However, there seems to be a challenge here for both patients and practitioners: because what counts as “appropriate” weight gain across the pregnancy seems to differ by who you ask, or in many cases there just is no definition of this.
For example, there are no guidelines on the rate of weight gain by BMI in the UK or Ireland, so many professionals look to guidance given in the US by the Institute of Medicine guidelines.
However, there is disagreement about such recommendations. Concerns shared by Dr. Abayomi.
“The updated IOM recommendations have met with controversial reactions from some physicians who believe that the weight gain targets are too high, especially for women living with overweight or obesity. Also, these perceived high weight gain targets do not address concerns regarding postpartum weight retention. In addition, concerns have been raised that the guidelines do not differentiate degrees of obesity, especially for women living with class III obesity” – American College of Obstetricians and Gynecologists, 2013
Additionally, Most et al. (2019) published a prospective, observational study of pregnant women with obesity titled ‘Evidence-based recommendations for energy intake in pregnant women with obesity’ in which their findings suggest, contrary to current recommendations, energy intake should not exceed energy expenditure during pregnancy in these women.
It’s further complicated by the fact that a number of groups advise against weight loss during pregnancy (e.g. NICE guidelines), yet we have a situation where a patient could have reduced risk of complications at a lower level of adiposity. So this is clearly a complicated balance to strike.
For those who advise against weight loss in pregnancy, the evidence or rationale is typically based on harms of very restrictive diets. For example:
- Very restrictive diets are associated with metabolic ketoacidosis and renal dysfunction (Birdsall et al., 2009)
- Dutch Famine Study: 600 – 1500 kcal/d diets were associated with problems (Stein et al., 2004)
Nutrients of Focus in Pregnancy
A cross-sectional study by Charnley et al. (2021) found that intake of fibre and several key micronutrients (Iron, Iodine, Folate and Vitamin D) were significantly low.
Prospective cohort studies have indicated that dietary patterns high in fruit, vegetables, legumes, nuts, and fish, for up to 3 years prior to pregnancy are associated with reduced risk of gestational diabetes, hypertensive disorders, and preterm births.
In the UK there are two nutrients that are recommended to be supplemented with: folic acid and vitamin D.
Nutrients to consider:
- Folic acid
- Vitamin D
- Omega 3 (specifically DHA)
The most common nutrient insufficiencies (i.e., below the lower reference nutrient intake) in women of reproductive age between 18-42 include:
In addition, for those on a plant-exclusive diet:
70% reduction in risk for neural tube defects from folic acid supplementation in the 2-3 months prior to, and after, conception.
Neural tube defects (NTDs): The neural tube in the fetus develops into the brain and spinal cord. Neural tube defects occur when the brain, skull and/or the spinal cord and its protective spinal column do not develop properly within the first 4 weeks after conception. The most common NTDs are anencephaly (which results in stillbirth or death soon after delivery) and spina bifida (which may lead to a range of physical disabilities including partial or total paralysis). – via NICE Guidelines
In 96% of women across reproductive ages (defined as 18-42 in this study) had intakes of folate and iron below levels recommended specifically for pregnancy.
Higher doses recommended for: those with BMI above 30, those with a history of neural tube defects, or those with pre-existing diabetes.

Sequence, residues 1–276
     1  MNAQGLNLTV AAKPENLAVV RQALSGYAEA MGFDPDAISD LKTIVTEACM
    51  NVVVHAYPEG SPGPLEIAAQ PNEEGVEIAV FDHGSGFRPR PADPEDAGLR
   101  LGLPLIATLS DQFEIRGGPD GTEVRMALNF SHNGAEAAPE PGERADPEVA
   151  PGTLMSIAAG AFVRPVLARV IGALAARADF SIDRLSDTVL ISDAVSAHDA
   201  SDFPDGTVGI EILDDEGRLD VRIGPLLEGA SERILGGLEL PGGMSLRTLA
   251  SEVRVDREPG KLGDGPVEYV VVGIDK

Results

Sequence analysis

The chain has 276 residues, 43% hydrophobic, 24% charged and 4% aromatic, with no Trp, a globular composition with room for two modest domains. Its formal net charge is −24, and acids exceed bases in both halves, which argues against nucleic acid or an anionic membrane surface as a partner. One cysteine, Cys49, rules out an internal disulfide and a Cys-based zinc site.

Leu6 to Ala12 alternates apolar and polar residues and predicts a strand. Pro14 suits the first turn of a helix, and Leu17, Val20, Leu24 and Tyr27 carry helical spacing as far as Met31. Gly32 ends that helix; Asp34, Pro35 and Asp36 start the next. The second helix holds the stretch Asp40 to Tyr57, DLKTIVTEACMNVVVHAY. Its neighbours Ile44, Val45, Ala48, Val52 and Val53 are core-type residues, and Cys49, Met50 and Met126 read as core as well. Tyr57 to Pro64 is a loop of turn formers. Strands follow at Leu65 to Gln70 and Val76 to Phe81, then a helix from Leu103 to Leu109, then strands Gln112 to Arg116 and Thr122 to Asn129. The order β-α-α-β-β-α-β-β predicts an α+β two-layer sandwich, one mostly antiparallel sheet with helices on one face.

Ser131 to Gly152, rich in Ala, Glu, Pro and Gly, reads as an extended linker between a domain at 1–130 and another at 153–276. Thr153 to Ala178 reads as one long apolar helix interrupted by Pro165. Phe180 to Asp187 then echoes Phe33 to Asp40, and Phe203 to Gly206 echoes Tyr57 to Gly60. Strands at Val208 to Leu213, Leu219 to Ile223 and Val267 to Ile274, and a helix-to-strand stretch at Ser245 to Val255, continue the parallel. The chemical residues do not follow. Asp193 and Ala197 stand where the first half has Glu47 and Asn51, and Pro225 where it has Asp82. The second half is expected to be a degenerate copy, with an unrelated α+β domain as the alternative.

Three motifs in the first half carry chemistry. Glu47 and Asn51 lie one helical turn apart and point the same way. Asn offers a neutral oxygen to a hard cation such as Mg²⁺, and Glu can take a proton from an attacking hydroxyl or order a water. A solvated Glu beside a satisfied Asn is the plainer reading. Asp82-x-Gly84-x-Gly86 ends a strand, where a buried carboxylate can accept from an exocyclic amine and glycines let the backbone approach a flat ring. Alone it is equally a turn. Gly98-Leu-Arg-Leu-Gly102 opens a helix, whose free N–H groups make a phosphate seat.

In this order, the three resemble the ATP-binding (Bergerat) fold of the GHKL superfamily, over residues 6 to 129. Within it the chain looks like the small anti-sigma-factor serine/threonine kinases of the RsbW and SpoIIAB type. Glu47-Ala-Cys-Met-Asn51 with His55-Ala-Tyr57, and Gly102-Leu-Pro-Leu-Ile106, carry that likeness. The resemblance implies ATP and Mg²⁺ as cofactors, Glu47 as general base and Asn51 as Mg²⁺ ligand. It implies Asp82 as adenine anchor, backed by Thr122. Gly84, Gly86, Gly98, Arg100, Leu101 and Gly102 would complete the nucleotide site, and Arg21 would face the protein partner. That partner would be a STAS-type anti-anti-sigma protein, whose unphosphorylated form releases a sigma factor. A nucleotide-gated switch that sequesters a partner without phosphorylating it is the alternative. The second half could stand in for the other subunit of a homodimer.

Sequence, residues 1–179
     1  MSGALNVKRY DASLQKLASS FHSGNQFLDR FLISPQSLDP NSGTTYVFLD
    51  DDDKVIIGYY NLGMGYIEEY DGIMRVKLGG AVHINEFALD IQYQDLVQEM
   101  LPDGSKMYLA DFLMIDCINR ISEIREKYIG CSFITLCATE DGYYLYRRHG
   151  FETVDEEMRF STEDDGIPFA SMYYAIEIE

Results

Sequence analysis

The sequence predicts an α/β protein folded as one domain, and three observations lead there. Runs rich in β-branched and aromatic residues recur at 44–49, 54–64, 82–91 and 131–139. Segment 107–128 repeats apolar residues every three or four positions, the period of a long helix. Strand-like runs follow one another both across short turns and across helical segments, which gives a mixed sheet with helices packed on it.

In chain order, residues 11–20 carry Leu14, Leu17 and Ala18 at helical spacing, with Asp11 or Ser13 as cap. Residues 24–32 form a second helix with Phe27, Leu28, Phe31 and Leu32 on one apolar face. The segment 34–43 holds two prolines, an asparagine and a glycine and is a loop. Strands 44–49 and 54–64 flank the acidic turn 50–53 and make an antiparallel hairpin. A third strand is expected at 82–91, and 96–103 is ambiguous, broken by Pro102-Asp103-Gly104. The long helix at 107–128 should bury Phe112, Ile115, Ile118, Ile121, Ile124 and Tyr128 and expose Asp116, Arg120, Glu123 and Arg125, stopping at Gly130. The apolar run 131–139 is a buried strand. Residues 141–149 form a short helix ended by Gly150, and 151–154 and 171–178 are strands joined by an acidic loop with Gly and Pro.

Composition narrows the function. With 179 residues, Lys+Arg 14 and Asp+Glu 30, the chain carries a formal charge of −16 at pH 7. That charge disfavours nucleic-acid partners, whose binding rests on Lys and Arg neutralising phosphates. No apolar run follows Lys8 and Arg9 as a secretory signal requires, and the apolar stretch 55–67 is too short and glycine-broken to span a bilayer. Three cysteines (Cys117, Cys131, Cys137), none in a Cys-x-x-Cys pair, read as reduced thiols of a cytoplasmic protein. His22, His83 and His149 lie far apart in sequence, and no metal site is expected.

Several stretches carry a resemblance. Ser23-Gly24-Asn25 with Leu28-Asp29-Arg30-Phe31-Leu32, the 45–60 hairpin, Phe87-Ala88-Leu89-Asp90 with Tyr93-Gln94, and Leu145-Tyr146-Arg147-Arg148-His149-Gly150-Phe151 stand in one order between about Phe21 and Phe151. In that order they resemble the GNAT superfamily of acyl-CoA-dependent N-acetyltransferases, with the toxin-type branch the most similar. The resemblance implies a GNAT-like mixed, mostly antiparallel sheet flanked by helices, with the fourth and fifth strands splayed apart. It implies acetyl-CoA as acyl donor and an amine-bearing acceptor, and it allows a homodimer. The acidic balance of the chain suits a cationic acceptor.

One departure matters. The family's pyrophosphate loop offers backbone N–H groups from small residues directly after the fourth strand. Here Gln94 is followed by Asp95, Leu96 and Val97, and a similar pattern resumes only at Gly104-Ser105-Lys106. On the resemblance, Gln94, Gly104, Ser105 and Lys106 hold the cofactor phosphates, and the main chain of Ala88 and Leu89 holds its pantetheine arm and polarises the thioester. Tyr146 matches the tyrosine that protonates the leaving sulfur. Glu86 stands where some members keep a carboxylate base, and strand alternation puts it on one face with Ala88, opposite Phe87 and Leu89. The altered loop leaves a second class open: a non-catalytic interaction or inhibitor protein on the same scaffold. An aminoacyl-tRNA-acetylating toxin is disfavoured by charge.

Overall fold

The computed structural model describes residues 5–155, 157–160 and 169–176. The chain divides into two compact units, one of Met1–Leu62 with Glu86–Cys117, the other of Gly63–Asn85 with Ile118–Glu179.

Folic acid fortification in the food supply is now mandated in 87 countries globally, and this policy has been associated with reduced prevalence of neural tube defects in certain countries, but is currently not mandatory in Europe.
- The recommended folate concentration for pregnancy (>906nmol/L) is difficult to achieve through diet alone, and thus folic acid supplementation is recommended in addition to a folate-rich diet.
- However, the short-term time-course of effect for folic acid supplementation in planned pregnancy means that daily supplementation 3 months prior to conception appears sufficient to reduce risk, not only of neural tube defects, but low birthweight, miscarriage, and neonatal mortality.
- In women aged between 18 and 25 years old, 77% had iodine intakes below the LRNI.
- The World Health Organisation has stated iodine deficiency to be “the single most important preventable cause of brain damage” globally.
- Similar to folate, iodine is required in the preconceptual period due to the significant upregulation of thyroid hormone production in early pregnancy.
- This increased requirement resulted in the WHO increasing the recommended daily intake of iodine from 150 mcg/d for general reproductive years to 250 mcg/d during pregnancy and lactation.
- Iodine deficiency during pregnancy is associated with lower intelligence quotient (IQ) in offspring children, as well as other neurological and cognitive disorders.
- Evidence from intervention studies on iodine supplementation during pregnancy and cognitive outcomes in children is mixed, potentially reflecting differential thyroid health of the women, and iodine status of both intervention and control groups.
- The iodine contents of plant foods vary but on average tends to be low.
- In the UK, salt is not iodized, as it is in other places. So other fortification strategies may be needed.
- Fortification: dairy-alternative milk products sold in the UK are fortified with iodine equivalent to the amounts available in cows’ milk (25-50µg per 100ml). The amount from these products can vary by brand.
Omega-3 Fatty Acids & DHA
- The infant “brain growth spurt” occurs during the last trimester through the first 2 years of infancy.
- At this time, the long-chain polyunsaturated fatty acids docosahexaenoic acid (DHA) and arachidonic acid (AA) are preferentially incorporated into nervous system cell membranes.
- Although AA is essential in this lifestage, AA levels are maintained at a relatively constant level.
- But… maternal DHA levels are dependent on dietary intake.
- Overall, maternal DHA status appears to be the strongest predictor of cognitive development.
- It is possible that gestation has a greater influence on cognitive development than breastfeeding:
- greater umbilical cord DHA stores, not breastmilk DHA, have been associated with increased cognition at 11 months in full-term infants.